Dolphins on Target After Win : Pro football: Marino-led offense, tough defense too much for Chargers, 24-14, in rematch of AFC playoff game.
On a day when a three-month-old team whipped the world champions and Jim Brown began packing for Baltimore, a late Sunday mist here produced some blessedly familiar NFL sights.
Dan Marino tucking in his lower lip and pumping his fists. Don Shula jogging happily off a field in clunky black shoes. Bryan Cox blowing kisses and curses.
The Miami Dolphins back on the highway marked Super Bowl.
The Dolphins shook off their midseason blues Sunday night while turning the Chargers a noticeably different color in the Dolphins’ 24-14 victory at San Diego Jack Murphy Stadium.
The Dolphins, with two touchdown passes from Marino and a defense that recorded three sacks and two turnovers, improved to 6-3 with four of their final seven games at home.
The Chargers, who lost Natrone Means early (groin injury) and their composure throughout, fell to 4-5 with as much hope as Leslie O’Neal has hair.
They are four games behind the first-place Kansas City Chiefs in the AFC West. They must win their remaining seven games to match last season’s record.
The goal of the defending AFC champions is at least a simple one.
“We aren’t thinking playoffs,” said Charger tackle Harry Swayne. “We’re thinking of playing just one game without a fumble. Or a big penalty. Just one game.”
They scored a touchdown on their first drive Sunday, but it was nullified because of a holding penalty on Swayne.
They nearly scored a touchdown on their last drive, but Alfred Pupunu fumbled the ball away at the Dolphin five-yard line.
In between, a third-down offsides penalty on O’Neal led to the Dolphins’ go-ahead field goal early in the fourth quarter. And an interception by quarterback Stan Humphries led to the Dolphins’ clinching touchdown later.
“What do I do, release everybody who fumbles?” said frustrated Coach Bobby Ross.
The Chargers were so generous, the Dolphins’ winning game plan was as basic as the three R’s.
Still smarting from last year’s 22-21 playoff loss here--after blowing a 21-6 halftime lead--they thought of little else this week.
“All year, this was the one game everybody pointed toward,” said Dolphin defensive end Jeff Cross. “If we didn’t do anything else this year, we had to win this game. If nothing else, this meant pride.”
So they chortled that they held the Chargers to 70 yards rushing after giving up 202 last year.
Even though this year, Means, the AFC’s leading rusher before Sunday, left the game after the fifth play because of a strained left groin that will be re-examined today.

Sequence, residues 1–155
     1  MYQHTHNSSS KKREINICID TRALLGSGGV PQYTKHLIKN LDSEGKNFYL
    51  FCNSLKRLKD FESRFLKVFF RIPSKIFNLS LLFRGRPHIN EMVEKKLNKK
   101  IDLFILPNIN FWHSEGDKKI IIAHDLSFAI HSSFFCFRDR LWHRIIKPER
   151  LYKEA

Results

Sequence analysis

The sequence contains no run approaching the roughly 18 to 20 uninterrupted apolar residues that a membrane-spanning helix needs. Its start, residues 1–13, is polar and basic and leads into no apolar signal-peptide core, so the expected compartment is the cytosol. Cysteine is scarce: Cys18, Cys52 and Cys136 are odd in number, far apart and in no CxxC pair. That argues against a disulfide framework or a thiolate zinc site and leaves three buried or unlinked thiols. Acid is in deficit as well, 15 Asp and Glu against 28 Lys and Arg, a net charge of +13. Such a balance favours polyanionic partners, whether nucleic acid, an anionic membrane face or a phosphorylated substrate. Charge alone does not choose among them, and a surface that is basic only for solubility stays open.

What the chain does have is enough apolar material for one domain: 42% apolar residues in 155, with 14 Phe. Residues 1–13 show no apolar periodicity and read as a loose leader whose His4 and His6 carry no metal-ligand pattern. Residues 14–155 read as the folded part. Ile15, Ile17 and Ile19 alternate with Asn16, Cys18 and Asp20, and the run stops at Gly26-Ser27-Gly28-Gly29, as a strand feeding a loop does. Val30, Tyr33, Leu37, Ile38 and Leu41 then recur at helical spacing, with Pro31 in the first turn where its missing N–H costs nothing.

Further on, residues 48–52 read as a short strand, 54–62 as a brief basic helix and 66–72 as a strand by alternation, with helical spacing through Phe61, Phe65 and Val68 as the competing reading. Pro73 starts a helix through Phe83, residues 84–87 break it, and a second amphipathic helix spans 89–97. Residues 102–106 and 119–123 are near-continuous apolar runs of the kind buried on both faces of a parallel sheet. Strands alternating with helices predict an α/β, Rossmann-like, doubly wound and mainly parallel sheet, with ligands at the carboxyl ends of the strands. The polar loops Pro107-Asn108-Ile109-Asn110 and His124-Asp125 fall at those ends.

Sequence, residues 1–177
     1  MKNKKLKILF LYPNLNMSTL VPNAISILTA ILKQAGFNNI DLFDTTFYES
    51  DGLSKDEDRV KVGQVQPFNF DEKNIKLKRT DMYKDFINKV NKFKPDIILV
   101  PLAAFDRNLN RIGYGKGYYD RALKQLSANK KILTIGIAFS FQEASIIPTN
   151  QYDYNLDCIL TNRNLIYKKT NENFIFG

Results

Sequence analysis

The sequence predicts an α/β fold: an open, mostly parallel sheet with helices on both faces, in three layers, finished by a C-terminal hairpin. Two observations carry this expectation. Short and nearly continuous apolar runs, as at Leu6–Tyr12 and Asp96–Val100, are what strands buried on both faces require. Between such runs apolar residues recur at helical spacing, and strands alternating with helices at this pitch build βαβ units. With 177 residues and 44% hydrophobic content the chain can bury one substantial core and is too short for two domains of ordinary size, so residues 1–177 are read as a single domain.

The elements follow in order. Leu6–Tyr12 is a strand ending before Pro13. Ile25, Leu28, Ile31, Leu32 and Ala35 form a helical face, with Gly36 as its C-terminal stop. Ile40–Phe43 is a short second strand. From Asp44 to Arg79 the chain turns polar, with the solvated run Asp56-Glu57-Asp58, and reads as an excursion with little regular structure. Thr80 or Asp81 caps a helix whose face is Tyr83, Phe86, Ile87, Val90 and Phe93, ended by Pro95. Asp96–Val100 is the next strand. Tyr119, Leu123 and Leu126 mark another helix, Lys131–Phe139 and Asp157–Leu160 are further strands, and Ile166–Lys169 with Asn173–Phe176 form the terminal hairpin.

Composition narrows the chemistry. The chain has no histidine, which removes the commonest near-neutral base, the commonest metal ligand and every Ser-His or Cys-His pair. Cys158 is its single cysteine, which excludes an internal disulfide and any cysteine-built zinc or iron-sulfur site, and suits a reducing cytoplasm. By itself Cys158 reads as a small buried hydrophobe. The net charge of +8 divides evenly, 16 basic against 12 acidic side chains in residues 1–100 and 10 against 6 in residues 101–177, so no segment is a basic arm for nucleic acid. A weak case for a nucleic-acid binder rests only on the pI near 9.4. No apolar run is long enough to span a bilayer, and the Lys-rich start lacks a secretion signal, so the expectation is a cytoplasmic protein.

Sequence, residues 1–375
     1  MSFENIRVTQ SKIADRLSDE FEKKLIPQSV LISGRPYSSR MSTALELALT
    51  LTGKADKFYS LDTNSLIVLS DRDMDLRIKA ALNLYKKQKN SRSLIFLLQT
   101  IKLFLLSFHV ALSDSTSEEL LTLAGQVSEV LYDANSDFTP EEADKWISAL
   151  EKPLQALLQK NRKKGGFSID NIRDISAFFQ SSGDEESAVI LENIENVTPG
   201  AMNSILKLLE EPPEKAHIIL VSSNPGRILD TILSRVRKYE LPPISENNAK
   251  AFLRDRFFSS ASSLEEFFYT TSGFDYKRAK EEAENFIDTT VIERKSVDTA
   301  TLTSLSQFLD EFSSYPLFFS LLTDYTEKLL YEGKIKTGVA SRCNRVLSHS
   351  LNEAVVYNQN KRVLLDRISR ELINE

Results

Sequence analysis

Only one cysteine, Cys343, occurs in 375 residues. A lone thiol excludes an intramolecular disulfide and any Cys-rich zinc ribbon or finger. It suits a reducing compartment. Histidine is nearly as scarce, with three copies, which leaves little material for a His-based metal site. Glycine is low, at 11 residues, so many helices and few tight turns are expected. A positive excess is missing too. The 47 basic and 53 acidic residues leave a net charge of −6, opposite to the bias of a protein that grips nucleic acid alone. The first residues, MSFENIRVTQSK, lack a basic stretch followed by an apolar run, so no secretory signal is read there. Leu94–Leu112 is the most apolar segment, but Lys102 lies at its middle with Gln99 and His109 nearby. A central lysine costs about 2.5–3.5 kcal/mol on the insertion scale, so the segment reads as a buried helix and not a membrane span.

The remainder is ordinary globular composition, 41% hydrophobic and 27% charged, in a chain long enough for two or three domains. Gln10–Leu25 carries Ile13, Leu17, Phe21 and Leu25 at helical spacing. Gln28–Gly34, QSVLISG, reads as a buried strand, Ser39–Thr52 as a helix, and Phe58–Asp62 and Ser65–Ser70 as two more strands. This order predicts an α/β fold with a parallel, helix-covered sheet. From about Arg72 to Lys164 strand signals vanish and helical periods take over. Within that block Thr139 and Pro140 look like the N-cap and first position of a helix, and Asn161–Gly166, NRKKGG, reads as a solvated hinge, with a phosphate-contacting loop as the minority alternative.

“It’s not our fault he couldn’t play,” Cox said. “To say that he was not in there was the reason for our success is to disrespect us. We were showing people something out there.”
At least, they were showing Ronnie Harmon and rookie Terrell Fletcher something. As Means’ replacements, those two combined for 63 yards on 20 carries.
This could have been the game in which Dan Marino became the NFL’s all-time leader in passing yardage. He needed 329 yards for the 47,004 necessary to pass Fran Tarkenton.
And he acted as if he knew it, completing his first eight passes, barking at teammates, sticking fingers into the chests of coaches during sideline timeouts.
Marino threw to Irving Fryar on a perfect 23-yard slant pass for the Dolphins’ first touchdown.
He found the outstretched arms of Randal Hill on a perfect 50-yard pass to set up the Dolphins’ second touchdown, a five-yard pass to Terry Kirby.
More than anything, he found Charger rookie cornerback Terrance Shaw, who was burned repeatedly.
“They came in tonight, saw that I was a rookie, and said, ‘That’s a freebie, that’s a freebie,’ ” Shaw said.
Marino fell 38 yards short of the mark, but it was not for lack of scowling.
“Believe me, my concentration was doing only what I could do to win the game,” Marino protested.
If that is true, he was not the only one.
“I had no idea Dan was close to some record tonight,” said Gene Atkins, the Dolphin safety whose helmet shot caused Pupunu’s fourth-quarter fumble. “Well, whatever it was, I’m happy for him that he got it.”
The Dolphins knew that the other AFC powers--namely the Chiefs and Raiders--were watching.
They know that few think this team has played near its potential.
They realize it is time to begin convincing.
“We all know there is no way we should have lost to certain teams [New York Jets, New Orleans Saints],” Dolphin center Tim Ruddy said. “There is a feeling here that it’s time to win those sorts of games.”